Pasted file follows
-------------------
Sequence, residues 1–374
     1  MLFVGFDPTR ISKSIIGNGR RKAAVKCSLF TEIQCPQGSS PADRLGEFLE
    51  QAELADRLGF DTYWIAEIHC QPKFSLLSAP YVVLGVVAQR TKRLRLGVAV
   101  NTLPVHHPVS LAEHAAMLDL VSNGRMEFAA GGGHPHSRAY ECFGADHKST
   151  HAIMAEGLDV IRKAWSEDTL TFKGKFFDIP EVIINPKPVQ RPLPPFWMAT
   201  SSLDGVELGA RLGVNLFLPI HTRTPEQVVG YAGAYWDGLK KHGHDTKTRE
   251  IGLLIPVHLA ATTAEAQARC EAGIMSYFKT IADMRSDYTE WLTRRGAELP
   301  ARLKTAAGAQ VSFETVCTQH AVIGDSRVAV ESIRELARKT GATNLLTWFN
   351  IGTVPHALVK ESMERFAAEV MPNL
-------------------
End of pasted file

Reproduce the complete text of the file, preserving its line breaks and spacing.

Sequence, residues 1–374
     1  MLFVGFDPTR ISKSIIGNGR RKAAVKCSLF TEIQCPQGSS PADRLGEFLE
    51  QAELADRLGF DTYWIAEIHC QPKFSLLSAP YVVLGVVAQR TKRLRLGVAV
   101  NTLPVHHPVS LAEHAAMLDL VSNGRMEFAA GGGHPHSRAY ECFGADHKST
   151  HAIMAEGLDV IRKAWSEDTL TFKGKFFDIP EVIINPKPVQ RPLPPFWMAT
   201  SSLDGVELGA RLGVNLFLPI HTRTPEQVVG YAGAYWDGLK KHGHDTKTRE
   251  IGLLIPVHLA ATTAEAQARC EAGIMSYFKT IADMRSDYTE WLTRRGAELP
   301  ARLKTAAGAQ VSFETVCTQH AVIGDSRVAV ESIRELARKT GATNLLTWFN
   351  IGTVPHALVK ESMERFAAEV MPNL